(Woolard, 1991; Silverstein 1992, 1995; Gal and Irvine, 1995; LippiGreen, 1997; Irvine and Gal 2000; Milroy, 2000) Much sociolinguistic research assumes a direct correlation between a linguistic feature and a social characteristic. Silverstein (1992, 1995) refers to this direct correlation as first-order indexicality Indexicality -- ability of a form to stand in an emblematic relation First-order indexicality --- The association of a linguistic form or variety with a social group, e.g., such and suches use form X while so and sos use form Y. -- Ideology constitutes a system for making sense of the indexicality in language 10 Language Ideology Second-order indexicality -- any reasoning that interprets such a presuppositional relationship is potentially an ideological one rationalizing the indexical value of the forms in terms of schemata of social differentiation and classification that are independent of the usages at issue. (Silverstein, 1992:316)
-- "the noticing (overt or covert), discussion and rationalization" of basic first-order indexicality (Milroy, 2000) correlation is in fact mediated by an ideological interpretation of the meaning of language use (Woolard, 1992:242) second-order indexicality refers to the reactions of speakers to first-order indexicality and these reactions, viewed as manifestations of ideological stances, are evident both in language behavior (hypercorrection, style shifting) and in overt comment about language and, we suggest, about other social phenomena as well. 11 Language Ideology Application Percent of prepausal /s/-deletion in Argentine Spanish for six occupational groups (source: Terrell, 1981) 100 Casual 80 60
40 20 0 I (low) II III IV V VI (high) First-order indexicality The association of a linguistic form or variety with a social group, e.g., such and suches use form X while so and sos use form Y. Class I Argentinian speakers show 68% prepausal /s/-deletion in casual speech, while Class VI speakers show 14%.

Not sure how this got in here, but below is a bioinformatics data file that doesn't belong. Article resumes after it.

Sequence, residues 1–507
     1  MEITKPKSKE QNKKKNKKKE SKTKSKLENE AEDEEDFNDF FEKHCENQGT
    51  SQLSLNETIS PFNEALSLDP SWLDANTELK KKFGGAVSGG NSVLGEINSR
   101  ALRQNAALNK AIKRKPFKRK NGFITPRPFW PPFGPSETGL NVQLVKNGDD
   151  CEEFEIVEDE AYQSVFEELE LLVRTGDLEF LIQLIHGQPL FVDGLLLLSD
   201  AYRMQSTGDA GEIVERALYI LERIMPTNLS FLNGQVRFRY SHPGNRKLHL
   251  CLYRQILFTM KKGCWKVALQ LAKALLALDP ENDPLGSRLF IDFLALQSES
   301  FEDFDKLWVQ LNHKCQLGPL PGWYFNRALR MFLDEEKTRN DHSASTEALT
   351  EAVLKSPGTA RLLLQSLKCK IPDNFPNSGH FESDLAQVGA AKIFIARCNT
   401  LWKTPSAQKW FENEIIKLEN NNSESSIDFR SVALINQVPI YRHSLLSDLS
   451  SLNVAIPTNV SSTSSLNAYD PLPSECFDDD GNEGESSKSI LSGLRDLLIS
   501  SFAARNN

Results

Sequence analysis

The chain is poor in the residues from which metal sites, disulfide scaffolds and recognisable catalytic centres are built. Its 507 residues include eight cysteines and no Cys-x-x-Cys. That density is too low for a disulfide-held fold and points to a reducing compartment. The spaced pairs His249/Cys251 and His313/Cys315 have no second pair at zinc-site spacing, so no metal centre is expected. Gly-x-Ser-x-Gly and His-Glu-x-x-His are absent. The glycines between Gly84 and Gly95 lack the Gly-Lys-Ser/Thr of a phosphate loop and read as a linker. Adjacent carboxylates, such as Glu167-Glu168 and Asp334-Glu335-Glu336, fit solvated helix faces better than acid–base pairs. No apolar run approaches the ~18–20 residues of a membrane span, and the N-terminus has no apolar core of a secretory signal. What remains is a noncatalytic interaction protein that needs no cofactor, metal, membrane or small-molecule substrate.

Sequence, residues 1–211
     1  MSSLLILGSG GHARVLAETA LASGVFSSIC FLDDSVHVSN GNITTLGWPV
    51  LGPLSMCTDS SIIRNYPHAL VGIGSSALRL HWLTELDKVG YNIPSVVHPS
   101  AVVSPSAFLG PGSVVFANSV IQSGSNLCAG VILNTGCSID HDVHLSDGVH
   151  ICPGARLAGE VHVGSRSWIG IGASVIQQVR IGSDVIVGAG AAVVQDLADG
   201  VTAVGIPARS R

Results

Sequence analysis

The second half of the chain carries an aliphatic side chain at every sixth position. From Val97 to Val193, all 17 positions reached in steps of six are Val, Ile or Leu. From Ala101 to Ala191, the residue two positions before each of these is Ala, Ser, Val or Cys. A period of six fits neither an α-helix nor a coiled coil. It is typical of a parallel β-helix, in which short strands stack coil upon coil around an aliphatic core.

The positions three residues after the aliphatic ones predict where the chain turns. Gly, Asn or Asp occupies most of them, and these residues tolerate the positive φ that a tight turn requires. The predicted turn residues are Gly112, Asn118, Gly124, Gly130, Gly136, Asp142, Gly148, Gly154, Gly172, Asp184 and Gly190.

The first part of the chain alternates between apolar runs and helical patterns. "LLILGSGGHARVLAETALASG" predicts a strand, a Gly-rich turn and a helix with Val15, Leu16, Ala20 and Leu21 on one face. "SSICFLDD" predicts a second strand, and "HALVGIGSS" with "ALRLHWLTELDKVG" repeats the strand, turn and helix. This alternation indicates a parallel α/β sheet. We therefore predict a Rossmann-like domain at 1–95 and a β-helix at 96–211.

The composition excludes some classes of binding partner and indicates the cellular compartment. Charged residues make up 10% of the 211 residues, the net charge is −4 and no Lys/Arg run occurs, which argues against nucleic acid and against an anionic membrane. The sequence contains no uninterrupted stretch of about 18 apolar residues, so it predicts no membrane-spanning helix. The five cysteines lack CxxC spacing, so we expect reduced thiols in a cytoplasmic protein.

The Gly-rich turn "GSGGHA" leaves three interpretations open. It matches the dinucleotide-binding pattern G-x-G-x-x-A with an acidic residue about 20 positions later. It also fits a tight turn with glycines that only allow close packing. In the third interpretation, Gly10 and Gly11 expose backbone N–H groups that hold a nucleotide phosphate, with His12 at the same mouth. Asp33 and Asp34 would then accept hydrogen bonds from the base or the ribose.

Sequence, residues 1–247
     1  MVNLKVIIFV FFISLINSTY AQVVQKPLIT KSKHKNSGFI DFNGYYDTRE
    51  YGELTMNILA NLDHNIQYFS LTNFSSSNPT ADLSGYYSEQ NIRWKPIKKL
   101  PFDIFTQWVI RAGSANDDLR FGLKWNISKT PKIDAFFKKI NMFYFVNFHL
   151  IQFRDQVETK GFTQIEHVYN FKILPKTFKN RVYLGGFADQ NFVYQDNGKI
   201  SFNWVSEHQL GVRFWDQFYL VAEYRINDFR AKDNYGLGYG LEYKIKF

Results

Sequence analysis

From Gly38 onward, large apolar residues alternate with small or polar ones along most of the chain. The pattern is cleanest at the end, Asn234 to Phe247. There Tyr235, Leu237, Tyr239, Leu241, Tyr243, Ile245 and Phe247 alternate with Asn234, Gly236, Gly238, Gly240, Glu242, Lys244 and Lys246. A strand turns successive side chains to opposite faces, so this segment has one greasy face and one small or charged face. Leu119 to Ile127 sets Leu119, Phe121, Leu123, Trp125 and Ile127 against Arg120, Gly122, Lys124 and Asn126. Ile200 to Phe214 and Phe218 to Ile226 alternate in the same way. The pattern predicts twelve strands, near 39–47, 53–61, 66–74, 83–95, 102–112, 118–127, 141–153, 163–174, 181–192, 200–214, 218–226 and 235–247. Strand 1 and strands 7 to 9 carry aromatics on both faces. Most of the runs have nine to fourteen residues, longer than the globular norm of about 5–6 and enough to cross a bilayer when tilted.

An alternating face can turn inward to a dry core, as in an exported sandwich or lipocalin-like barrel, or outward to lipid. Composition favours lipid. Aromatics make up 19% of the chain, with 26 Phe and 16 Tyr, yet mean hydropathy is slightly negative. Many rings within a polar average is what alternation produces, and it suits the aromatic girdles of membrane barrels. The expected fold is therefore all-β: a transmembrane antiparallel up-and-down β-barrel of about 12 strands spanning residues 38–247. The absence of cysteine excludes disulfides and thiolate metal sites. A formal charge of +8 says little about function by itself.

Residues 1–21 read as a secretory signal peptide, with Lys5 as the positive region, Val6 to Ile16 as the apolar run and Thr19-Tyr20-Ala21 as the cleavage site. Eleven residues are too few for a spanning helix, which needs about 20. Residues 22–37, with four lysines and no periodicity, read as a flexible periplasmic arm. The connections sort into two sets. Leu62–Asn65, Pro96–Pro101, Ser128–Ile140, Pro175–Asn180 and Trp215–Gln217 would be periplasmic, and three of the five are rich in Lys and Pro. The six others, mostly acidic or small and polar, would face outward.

Second-order indexicality-Class I Argentinian speakers show higher frequency of non-standard productionssound lower classsound uneducated 12 Two Theories of AAE Origin Creolist Hypothesis AAE developed from a creole language slaves brought linguistic experience with West African languages
a Plantation Creole developed in antebellum south, shows similarities to Krio (Sierra Leone), and West Indian Creoles Creole vestiges are apparent in Gullah Creole (South Sea Isles of SC, GA, USA) Plantation Creole used widely among slaves, but not whites Anglicist Hypothesis AAE developed from British English slaves language experience and a Plantation Creole contributed very little to language in the US south slaves task: learning English of their white slaveowners
Gullah Creole is an anomaly dialect features of AAE 13 Two Theories of AAE Origin, cont. Creolist Hypothesis ex-slave narratives provide a clue pro Plantation Creole AAVE is not a creole itself, but descended from one Current consensus among sociolinguists Anglicist Hypothesis
ex-slave narratives show only minor differences small farm vs. sprawling plantation problem 14 Linguistic Features of AAE Syntax (1.) Double negatives: e.g., He don't know nothing. (also, Spanish: l no sabe nada.) (2.) Zero Copula: "to be" verbs only in the same environments in which they are contracted in MAE (Mainstream American English) e.g., He late. - Predicate Adj. He a doctor. - Full NP They running. - VP He at home. - LOC (locative) (3.) Habitual be: to indicate durative quality. e.g., He be late. She dont usually be there.
(4) Future e.g., be: to indicate future state ("will"). If I be living that long, I will move there. 15 Linguistic Features of AAE Syntax (5.) Remote time expressed by phonologically stressed been to mark action or state completed long ago but still relevant e.g., You been paid your dues. (6.) Regularization of third person singular past tense of the verb e.g., She walk to the store. She raise her grades this semester. Phonology: (1.) (t,d) deletion in consonant clusters when followed by vowelinitial morpheme e.g.,
lif up the latch. That child is bussin out of his clothes. 16 Linguistic Features of AAE Phonology, cont. (1) Postvocalic (r)-deletion: //-less everywhere except preceding a vowel. e.g., guard, god /ga:d/ nor, gnaw /na:/ (also, Boston, New York, Charleston; Southern UK) (2) L-deletion: /l/ deleted word-finally, or before a labial consonant e.g., toll, toe /to:/ help /hEp/ *but never "hell" /hE/ (3) Consonant cluster simplification: reduce cluster to single consonant in environment of another alveolar sound /t/, /d/, /s/, /z/ e.g., meant~mend /mEn/ pent~penned /pEn/
*applies with lower frequency when final alveolar is a past tense morpheme, e.g., paste (n.) /pes/, but chased (v.) /tSest/ 17 Linguistic Features of AAE Phonology, cont. (4) Pin~pen merger (also, Southern US, elsewhere) (5) Interdental fricative replacement: replace interdental /T,D/ with labiodental /f,v/ (also, Cockney English) e.g., Ruth~roof /uf/ brother /bv/ Discourse Features (Smitherman) (1) Call and Response (2) Signifying 18